STEP 4 Review the Knowledge You Need to Score High
9 Fluid Mechanics
IN THIS CHAPTER
Summary: AP Physics 2 includes the study of both static (stationary) and flowing (dynamic) fluids. Keep in mind that the definition of a fluid is anything that flows. This means both a liquid and a gas have fluid behavior, but for the most part you will be dealing with liquids. Entire courses are based on the study of fluid behavior, but in AP Physics 2 you look only at a few relatively simple concepts associated with an idealized, or frictionless, incompressible fluid. Even though the principles may be divided into static and dynamic, a single problem may have both concepts in it.
The behavior of molecules gives rise to pressure and the forces pressure can produce.
Static fluids—fluids sitting still
(a) Pressure at any point in a fluid is caused by the weight of the column of fluid above that point, plus the pressure acting on the surface of that column of fluid. Therefore, the greater the height of that column, the greater the pressure at the bottom of the column.
(b) Absolute pressure is the difference between the measured pressure and a vacuum. Gauge pressure is the difference between the measured pressure and atmospheric pressure.
(c) “Eureka!” Archimedes’ principle states that the buoyant force on a submerged object is based upon the weight of the displaced fluid.
(d) Pascal’s principle states that any increase in pressure on the surface of a fluid creates an equal and undiminished increase in pressure in all points throughout the fluid.
Dynamic fluids—fluids in motion
(a) Conservation of mass leads us to the continuity equation. Frequently the continuity equation will be needed to determine the speed of a fluid moving through a pipe of changing cross-sectional area. Keep in mind that the continuity equation can be altered to give mass flow rate and volumetric flow rate.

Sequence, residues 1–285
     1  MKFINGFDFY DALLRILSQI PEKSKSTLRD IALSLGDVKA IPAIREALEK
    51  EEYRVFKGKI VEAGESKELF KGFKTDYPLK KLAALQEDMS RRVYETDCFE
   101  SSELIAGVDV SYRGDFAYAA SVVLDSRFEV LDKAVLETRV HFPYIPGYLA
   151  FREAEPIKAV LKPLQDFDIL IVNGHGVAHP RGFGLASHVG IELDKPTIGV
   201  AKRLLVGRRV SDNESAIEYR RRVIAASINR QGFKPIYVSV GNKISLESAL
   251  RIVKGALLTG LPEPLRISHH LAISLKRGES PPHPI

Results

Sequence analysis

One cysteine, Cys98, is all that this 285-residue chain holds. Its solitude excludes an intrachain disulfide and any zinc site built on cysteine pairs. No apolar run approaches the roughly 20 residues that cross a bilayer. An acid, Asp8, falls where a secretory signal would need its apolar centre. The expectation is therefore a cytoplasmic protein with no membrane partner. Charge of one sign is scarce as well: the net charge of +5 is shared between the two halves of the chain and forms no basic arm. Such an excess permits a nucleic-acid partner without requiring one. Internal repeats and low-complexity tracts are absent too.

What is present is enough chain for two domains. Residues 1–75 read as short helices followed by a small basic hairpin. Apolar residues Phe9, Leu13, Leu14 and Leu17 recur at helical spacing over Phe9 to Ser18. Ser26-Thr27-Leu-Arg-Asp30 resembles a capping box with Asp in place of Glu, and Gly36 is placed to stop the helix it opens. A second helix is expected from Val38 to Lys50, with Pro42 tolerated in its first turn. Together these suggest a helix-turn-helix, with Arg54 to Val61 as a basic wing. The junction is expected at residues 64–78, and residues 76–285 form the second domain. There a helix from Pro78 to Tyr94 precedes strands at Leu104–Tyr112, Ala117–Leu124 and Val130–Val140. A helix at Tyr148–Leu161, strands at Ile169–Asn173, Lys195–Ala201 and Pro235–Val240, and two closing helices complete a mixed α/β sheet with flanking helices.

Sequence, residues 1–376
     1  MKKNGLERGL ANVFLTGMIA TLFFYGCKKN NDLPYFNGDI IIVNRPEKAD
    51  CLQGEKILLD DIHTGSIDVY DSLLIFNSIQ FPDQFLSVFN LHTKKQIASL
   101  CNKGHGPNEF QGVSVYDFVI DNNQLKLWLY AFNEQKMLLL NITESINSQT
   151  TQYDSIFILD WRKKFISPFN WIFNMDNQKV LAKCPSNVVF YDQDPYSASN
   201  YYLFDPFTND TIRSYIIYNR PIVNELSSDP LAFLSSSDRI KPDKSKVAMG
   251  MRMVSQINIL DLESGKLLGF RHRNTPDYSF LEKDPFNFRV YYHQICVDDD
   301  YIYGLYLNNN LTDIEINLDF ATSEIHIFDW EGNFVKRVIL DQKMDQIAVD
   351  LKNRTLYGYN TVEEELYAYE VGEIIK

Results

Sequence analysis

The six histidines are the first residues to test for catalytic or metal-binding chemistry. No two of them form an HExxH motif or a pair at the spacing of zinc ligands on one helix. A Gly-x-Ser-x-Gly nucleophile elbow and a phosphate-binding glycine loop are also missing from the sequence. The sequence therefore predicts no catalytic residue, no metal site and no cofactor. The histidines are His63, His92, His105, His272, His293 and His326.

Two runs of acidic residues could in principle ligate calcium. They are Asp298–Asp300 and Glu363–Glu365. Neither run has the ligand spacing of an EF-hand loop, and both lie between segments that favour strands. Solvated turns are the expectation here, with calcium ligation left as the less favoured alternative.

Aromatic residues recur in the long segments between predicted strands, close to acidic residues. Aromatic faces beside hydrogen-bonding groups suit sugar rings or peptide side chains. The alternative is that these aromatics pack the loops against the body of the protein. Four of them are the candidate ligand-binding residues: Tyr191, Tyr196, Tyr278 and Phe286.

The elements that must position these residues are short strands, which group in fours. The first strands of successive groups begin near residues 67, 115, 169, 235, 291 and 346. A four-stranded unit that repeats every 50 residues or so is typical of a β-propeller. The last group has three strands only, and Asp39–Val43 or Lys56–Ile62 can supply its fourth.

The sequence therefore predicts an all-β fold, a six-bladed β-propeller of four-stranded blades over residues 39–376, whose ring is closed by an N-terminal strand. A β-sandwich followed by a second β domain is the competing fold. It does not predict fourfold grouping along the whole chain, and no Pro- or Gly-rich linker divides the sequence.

(b) Conservation of energy leads us to Bernoulli’s equation, which is used to relate the velocity, pressure, and height of a flowing fluid from one point in a fluid flow to another.
How the Nano-World Influences the Fluid World We Live In
Before we talk about fluids, let’s put on our “nano-glasses” and take a look at the world of the very small to see how the behavior of atoms gives us the behavior of fluids that we experience.
So what causes pressure in a fluid? There are two major causes of pressure.
1. Pressure Due to the Thermal Motion of the Molecules
Remember that fluids are made up of lots and lots and lots of molecules. Each of these molecules is vibrating around in a random fashion due to the fluid’s thermal energy. The hotter the fluid, the faster the vibrations of the molecules will be. (More about this in Chapter 10.) These vibrating molecules collide with anything the fluid comes in contact with. The above diagram shows the molecules colliding with the walls of a container. Each collision imparts a small impulse on the wall. Because of the large number of random collisions that occur in every direction, any parallel forces to the wall exerted by the collisions will cancel out! However, the perpendicular component of the collision forces will not cancel out. This means that the forces caused by fluid pressure will always be perpendicular to the surface the fluid is in contact with.
2. Pressure Due to Gravity
The above diagram shows a stationary liquid in a glass. Since the liquid is stationary, it must be in equilibrium, which means the forces all must be canceling out. Now consider points A and B in the liquid. At each point the forces must cancel out so that they can remain stationary. Each point must support the weight of all the fluid above itself with a counteracting force upward in order to maintain equilibrium. Otherwise the liquid above would accelerate downward due to gravity. Point B has more atoms stacked on top of it than point A does. This means that the pressure from all those molecular collisions at point B must be greater than at point A simply because it has to support more fluid above itself in a gravitational field.
The thermal effect of atomic collisions and the gravitational effect on the atoms combine to cause the overall pressure in a fluid. In gases, the thermal effect causes most of the pressure in a gas. Gases have a very small density, thus the gravitational effect on a gas is very small. The general rule of thumb is that air pressure is assumed to be constant unless there is a lot of vertical height to worry about. Liquids have a much larger density than gases. Thus, the gravitational effect can cause a lot of the pressure in a liquid. Swim just 10 feet to the bottom of a pool and you will notice this pressure increase.
Density is simply the mass per unit volume of an object. In AP Physics 2 you will primarily measure it in kg/m3. You might want to keep in mind that 1 g/cm3 = 1000 kg/m3.